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### Computing the places of

A place of is represented by a triple, consisting of

• the closed point corresponding to ,
• the degree of the place (that is, the minimal degree of a field extension defining ) and
• a symbolic Hamburger-Noether expression HN for the local branch corresponding to (defined over a primitive algebraic field extension of degree ).
Recall that denotes the formal sum of a point with its conjugates. Affine closed points will be represented by a defining (triangular) ideal , while closed points at infinity are usually stored in form of a homogeneous polynomial (the defining prime factor of ).

Note that the conjugates of a place are given by the triples HN, where HN runs through the conjugates of HN. Hence, when computing the closed places of , we can restrict ourselves to computing one representing place for each. We apply the following algorithm:

Input
Squarefree homogeneous polynomial ,
degree bound .

Output
List of all closed singular places and all closed non-singular places up to degree of the plane curve defined by .

1. Affine singular points. Let and the Tjurina ideal of . Compute a triangular system for , that is, a system of triangular bases such that .

Here, by a triangular basis one denotes a reduced lexicographical Gröbner basis of the form with a monic polynomial in and . Triangular systems can be computed effectively, basically by two different methods, one due to Lazard [27,7], the other due to Möller [31]. Choose any of these methods to compute a triangular system for , , . For each ,

• compute a prime factorization of in ,

• for , let be the primitive field extension defined by the irreducible polynomial . Compute a prime factorization of in ,

Finally, the closed affine singular points are given by the set of ideals

where is the image of when substituting the parameter by .

2. Points at infinity. Let and compute a prime factorization of the polynomial ,

 (4)

Let be a root of and define

where denotes the formal sum of the point (defined over ) with its conjugates. (It is represented by .)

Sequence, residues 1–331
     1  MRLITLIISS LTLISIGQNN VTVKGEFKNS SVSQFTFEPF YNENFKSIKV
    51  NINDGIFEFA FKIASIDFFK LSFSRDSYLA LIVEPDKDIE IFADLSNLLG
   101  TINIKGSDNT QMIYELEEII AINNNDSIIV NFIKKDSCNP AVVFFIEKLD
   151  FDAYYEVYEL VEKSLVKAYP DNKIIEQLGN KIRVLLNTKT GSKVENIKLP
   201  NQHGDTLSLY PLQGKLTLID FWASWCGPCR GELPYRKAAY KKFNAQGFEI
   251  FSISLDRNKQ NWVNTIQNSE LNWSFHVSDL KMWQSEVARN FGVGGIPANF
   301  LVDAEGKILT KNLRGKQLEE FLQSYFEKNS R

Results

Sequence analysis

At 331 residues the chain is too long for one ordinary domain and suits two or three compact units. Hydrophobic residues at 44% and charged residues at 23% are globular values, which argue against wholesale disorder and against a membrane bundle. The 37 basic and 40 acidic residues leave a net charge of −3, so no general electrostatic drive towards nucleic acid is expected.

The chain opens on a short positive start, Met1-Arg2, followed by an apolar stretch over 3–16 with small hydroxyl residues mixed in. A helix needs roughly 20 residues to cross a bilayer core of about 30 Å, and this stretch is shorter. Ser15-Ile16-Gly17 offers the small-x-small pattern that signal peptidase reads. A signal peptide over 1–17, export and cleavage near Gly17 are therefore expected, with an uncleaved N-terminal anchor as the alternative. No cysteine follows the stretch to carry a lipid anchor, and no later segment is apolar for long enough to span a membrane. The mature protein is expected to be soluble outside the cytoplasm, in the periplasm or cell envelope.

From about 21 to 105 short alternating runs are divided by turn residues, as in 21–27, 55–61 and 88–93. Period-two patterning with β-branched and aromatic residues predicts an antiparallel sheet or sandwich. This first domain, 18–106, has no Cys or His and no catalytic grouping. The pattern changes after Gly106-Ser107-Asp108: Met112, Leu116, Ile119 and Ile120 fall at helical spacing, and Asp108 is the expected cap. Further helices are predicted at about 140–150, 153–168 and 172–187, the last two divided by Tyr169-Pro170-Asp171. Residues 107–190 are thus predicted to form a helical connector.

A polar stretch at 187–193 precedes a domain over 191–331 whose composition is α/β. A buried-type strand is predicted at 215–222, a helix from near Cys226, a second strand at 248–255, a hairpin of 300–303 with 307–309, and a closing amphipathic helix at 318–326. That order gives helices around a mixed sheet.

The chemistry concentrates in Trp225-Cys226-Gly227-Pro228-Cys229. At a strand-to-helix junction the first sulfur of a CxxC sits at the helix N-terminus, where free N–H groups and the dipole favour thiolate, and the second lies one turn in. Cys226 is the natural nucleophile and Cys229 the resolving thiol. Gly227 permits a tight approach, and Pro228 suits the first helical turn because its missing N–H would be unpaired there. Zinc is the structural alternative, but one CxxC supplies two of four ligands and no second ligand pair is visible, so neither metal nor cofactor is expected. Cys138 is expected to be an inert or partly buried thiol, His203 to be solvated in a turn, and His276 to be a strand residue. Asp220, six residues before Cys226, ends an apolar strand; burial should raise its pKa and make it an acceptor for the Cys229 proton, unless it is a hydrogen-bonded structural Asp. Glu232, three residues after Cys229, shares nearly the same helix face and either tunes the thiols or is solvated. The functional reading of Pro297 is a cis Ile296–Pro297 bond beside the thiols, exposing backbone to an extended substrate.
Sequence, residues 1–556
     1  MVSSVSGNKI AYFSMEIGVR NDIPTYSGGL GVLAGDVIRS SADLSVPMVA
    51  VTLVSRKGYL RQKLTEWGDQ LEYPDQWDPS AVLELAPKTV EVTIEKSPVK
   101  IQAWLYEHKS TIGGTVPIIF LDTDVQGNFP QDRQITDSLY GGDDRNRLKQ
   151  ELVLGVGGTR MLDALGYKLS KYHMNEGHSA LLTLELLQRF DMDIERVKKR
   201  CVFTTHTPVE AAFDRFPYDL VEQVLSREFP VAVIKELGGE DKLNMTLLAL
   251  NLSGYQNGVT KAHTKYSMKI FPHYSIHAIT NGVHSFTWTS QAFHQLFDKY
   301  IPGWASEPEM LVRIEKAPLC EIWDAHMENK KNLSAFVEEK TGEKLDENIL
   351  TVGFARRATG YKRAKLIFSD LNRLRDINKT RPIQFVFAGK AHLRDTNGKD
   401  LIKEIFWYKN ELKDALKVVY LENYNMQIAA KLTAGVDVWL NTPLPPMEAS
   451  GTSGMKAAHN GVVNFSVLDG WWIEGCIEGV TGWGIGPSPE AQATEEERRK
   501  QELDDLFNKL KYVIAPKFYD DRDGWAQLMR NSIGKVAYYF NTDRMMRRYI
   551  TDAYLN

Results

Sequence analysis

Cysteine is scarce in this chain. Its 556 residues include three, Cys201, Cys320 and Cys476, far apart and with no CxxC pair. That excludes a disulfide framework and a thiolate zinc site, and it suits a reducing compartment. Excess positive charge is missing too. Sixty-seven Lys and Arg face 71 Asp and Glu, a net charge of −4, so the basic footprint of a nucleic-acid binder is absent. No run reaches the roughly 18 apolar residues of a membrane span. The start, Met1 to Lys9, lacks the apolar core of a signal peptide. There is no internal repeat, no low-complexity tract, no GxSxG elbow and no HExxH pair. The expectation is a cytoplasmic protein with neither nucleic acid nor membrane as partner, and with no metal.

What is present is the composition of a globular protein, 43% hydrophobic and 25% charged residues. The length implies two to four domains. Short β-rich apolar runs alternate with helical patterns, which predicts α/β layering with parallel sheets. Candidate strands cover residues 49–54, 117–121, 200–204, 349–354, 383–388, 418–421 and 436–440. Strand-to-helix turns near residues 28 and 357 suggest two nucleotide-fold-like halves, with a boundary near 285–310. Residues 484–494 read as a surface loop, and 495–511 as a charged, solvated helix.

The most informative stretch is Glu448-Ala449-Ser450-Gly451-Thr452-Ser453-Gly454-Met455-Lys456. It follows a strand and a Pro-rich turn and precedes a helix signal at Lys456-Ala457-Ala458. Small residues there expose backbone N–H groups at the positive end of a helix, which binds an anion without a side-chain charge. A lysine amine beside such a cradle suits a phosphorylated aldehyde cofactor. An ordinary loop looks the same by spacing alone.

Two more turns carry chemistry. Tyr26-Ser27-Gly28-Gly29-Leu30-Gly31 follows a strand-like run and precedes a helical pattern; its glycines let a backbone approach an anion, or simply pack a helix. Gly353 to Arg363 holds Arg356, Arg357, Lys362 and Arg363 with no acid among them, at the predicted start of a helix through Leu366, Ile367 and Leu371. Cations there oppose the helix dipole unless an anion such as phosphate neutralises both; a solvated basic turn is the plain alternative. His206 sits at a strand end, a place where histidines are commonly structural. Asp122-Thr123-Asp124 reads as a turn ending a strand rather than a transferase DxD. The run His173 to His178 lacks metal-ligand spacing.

We denote by the subset of closed singular points. To check whether a point is singular or not, one has to check whether (these computations can be performed over the finite field extension ).

Finally, consider the (closed) point : if then has to be added to ; if, additionally, and vanish then it has to be added to , too.

The sets (resp. ) are the sets of closed (singular) points at infinity.

3. Affine singular places. To each closed affine singular point given by a (triangular) ideal we compute the corresponding places in form of a system of symbolic Hamburger-Noether expressions for the respective germ (defined over ). More precisely, a closed place over is the formal sum of a place described by one of the computed sHNE with its conjugates.

The computation of the symbolic Hamburger-Noether expressions has to be performed in the local ring where is a primitive field extension (of degree ) such that decompose into linear factors. Note that during the computation of a sHNE further field extensions might be necessary.

4. Singular places at infinity. To each closed singular point in we compute a system of sHNE for the local germ (defined over ). To be precise, if then we compute a system of sHNE for in ; if then the system of sHNE is computed for in .

5. Non-singular affine closed points up to degree . For each do the following:
• let and set .
• Proceed as in Step 1 to obtain a set of (triangular) ideals corresponding to the set of closed points defined over .
• For all non-singular (given by ) compute the degree ). If then compute the corresponding closed place (that is, a sHNE for the germ ) and add it to the list of closed places.

Remark 2.10   It is interesting to notice that triangular sets have mainly been used for numerical purpose, since they allow a fast and stable numerical solving of polynomial systems (cf. [27,31,13]), and this has been the reason for implementing it in SINGULAR. Several experiments have shown that they behave also superior against other methods to represent closed points over finite fields.

Next: Computing the adjunction divisor Up: Computational Aspects Previous: Computational Aspects
Christoph Lossen
2001-03-21